Friday, March 23, 2012

Student Pilot Journal Podcast #40

Greetings! Took another refresher flight to get back into some controlled airspace flying....it's so easy to get behind. Casey gives some good tips and also shows us a demo of LogTen Pro for the Mac and how it integrates with your iOS devices. Be sure to visit http://www.coradine.com and purchase this wonderful software and help support the podcast as well.

Download the Podcast


12 comments:

Anonymous said...

FAR 91.107 violation

Anonymous said...

Know your fars and their exceptions mr negative. Is this all you Do is watch videos and look for things to pick at?

FAR 91.105(a) says that each required flight crewmember must keep his or her seat belt fastened during takeoff and landing, and while en route. FAR 91.105(b) says that during take-off and landing, the required flight crewmember must keep his or her shoulder harness fastened, if one is installed, while at the crewmember station, but need not keep it fastened while en route. There is an exception that might apply to the typical single-pilot, small aircraft operation. Because a shoulder harness may interfere with piloting duties, the regulations do not mandate that a required flight crewmember must fasten the shoulder harness if the pilot would be unable to perform required duties with the shoulder harness fastened.

http://flighttraining.aopa.org/magazine/2000/January/200001_Training_Topics_Legal_Briefing.html

etully said...

Nice episode Greg. I think post PPL issues present a great deal of potential for future material. Much like yourself life/Mother Nature intervened a lot, but, I finally did some proficiency work in December and was FAA legal and insurance legal again. Then soon after, and almost simultaneously, both of our club 172's need new engines.
Keep up the great work!and thanks for keeping me interested in flying.

Ed

Anonymous said...

A sound pilot knows that complacency is deadly in the world of aviation. I enjoy Greg's videos, but feel it needs to be pointed out to prospective and student pilots that marginalizing the most basic of rules can be deadly, regardless of the bogus interpretation of the FARs. All I can say, is I hope I am not near Mr. Exception Anonymous' airspace anytime soon

Greg S said...

Anonymous, this is Greg...while I am always happy to receive constructive criticism, there's always a better way to offer pointers and suggestions rather than leaving a blunt comment of violations. The other anonymous is correct and I don't feel this is a misread of the FARs and I am far from complacent and very careful when I do fly and if you watch my videos I am usually the first to criticize my flying. In our airplanes i wear a lap belt as does my instructor...the shoulder belts tend to rest on the neck and interfere with things as they irritate my neck. Early on I myslef inquired about the FAR as to comply and this was when I saw (with the help of my instructors)the reg mentioned above. I put a heck of a lot of time and effort into sharing these videos to all of you and I will say it's frustrating to see such blunt and short comments. I appreciate your comment but again I think there was a better way to put it. Thanks for watching the videos.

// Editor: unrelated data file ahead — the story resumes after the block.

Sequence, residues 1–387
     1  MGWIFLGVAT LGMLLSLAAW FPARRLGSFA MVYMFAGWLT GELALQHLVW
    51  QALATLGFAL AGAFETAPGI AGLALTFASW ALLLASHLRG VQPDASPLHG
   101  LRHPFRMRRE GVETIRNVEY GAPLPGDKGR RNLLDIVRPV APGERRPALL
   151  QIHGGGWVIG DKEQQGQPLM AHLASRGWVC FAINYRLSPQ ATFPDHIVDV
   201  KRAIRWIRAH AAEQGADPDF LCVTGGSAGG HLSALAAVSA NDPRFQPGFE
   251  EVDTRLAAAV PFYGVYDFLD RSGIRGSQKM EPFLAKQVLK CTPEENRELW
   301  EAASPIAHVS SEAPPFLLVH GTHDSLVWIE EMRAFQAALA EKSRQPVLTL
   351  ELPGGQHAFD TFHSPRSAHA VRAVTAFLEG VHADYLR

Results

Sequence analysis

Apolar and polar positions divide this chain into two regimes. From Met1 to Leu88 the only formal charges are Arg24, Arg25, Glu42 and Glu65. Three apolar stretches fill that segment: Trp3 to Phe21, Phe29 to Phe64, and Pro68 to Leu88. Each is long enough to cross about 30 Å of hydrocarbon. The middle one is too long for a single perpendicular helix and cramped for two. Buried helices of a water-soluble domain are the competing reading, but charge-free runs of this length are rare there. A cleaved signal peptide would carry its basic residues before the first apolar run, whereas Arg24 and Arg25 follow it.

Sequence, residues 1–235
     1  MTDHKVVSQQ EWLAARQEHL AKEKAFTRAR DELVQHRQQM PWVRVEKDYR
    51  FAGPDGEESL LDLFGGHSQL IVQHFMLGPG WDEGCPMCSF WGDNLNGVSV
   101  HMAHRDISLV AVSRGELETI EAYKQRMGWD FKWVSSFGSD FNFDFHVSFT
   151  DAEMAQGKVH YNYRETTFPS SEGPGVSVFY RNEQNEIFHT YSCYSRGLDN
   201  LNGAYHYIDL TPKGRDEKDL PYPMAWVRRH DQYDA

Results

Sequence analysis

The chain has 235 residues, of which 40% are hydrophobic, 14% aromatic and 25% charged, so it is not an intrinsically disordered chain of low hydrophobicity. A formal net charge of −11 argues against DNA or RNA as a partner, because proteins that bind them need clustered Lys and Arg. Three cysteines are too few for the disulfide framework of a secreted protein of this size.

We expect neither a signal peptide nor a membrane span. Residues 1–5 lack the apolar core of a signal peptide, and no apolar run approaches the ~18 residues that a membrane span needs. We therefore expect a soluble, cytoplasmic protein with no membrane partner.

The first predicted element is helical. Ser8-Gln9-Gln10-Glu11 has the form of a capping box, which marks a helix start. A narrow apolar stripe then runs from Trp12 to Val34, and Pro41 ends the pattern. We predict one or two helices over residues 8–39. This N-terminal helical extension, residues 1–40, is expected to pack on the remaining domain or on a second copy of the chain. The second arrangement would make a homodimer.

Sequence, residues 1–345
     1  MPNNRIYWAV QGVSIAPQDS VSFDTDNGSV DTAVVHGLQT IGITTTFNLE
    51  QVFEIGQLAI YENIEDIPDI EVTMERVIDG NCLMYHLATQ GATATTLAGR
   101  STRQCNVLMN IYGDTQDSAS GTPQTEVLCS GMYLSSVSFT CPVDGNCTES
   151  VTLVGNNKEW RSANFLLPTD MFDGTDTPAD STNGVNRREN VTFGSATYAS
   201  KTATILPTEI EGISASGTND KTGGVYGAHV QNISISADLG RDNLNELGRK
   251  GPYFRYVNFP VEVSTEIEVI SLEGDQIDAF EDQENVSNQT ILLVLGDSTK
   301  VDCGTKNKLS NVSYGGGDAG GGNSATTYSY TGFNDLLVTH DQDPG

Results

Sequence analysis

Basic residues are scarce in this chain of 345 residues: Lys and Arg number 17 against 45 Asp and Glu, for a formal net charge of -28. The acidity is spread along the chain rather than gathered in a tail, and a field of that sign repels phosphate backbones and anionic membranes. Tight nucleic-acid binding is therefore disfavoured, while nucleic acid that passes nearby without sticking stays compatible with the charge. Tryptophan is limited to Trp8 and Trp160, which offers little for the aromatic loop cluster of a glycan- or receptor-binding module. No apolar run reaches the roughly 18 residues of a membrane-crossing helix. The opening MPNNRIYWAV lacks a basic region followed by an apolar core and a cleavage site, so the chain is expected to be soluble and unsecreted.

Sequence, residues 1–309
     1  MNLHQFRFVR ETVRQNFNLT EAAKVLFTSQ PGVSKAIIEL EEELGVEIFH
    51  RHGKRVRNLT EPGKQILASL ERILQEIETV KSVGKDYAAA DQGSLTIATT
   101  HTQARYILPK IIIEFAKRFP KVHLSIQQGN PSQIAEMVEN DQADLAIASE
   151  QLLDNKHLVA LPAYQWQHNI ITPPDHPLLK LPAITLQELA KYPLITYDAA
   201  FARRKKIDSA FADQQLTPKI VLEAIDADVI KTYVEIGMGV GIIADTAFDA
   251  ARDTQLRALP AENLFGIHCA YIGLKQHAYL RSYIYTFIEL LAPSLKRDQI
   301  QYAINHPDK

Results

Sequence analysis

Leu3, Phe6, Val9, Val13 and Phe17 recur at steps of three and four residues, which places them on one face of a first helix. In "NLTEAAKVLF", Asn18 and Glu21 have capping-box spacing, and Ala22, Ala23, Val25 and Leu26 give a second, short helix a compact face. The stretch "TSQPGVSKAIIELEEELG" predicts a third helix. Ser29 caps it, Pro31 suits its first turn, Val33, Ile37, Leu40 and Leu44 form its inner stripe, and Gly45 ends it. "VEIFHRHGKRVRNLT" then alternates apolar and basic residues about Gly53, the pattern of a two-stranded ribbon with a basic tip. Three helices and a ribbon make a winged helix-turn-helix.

Anonymous said...

No offense intended, Greg. Just a healthy debate on safe piloting. I enjoy your videos and respect the effort you put into them. I doubt that the 105/107 option woulld hold water with my DPE on checkride though.

Anonymous said...

Google this: "not wearing shoulder harness airplane"

Greg S said...

I guess every DPE is different but I know that both of us only had our lapbelts on....not sure if you have ever seen the shoulder belts in the old 152/172s....they are in the worst place and not adjustable.

Greg S said...

Etully, thanks for the kind words....it's nice to hear that others can relate to the common issues that face a lot of private pilots after they get their license. And yes...the joys of flying clubs....seems like we can't keep all 3 planes flying for too long!

Casey said...

Our flying club's 152 and 172 have the older type shoulder harnesses that do not extend and retract as you lean forward in the seat. They have a strap for adjusting tightness, but are otherwise fixed. This makes it tough because if you wear the harness tight it can be difficult to reach the flight controls. If you wear it loose, it is ineffective.

I don't usually wear the shoulder harness when instructing because I can't reach the left side of the panel and important things like the magneto switch. It's a balance of risks and to me it's a larger risk to not have easy access to all of the flight controls.

I always encourage my students to wear the harness, however, as someone posted, it is not required if it inhibits required crew duties. I would never tell someone to not wear an available safety device. Greg and I understand and accept the risks and are acting within the FARs. For some people it may be better to just stay on the couch.

Anonymous said...

To each, his own. I don't feel the FARS intend the "option" to be a matter of comfort. My '77 182 has the same harness you speak of, and even with the larger cockpit, I am able to loosen it to reach my furthest control (fuel selector) and still keep my face out of the instrument panel in an accident. Casey, I understand leaving it off in your role, however, I continue to feel exclusion as a matter of comfort is lax airmanship. Couch comment unnecessary. I'm in the air daily, and safely. My wife and kids appreciate that.

Aviation Report said...

The content is really informative. I really learned a lot of new things.
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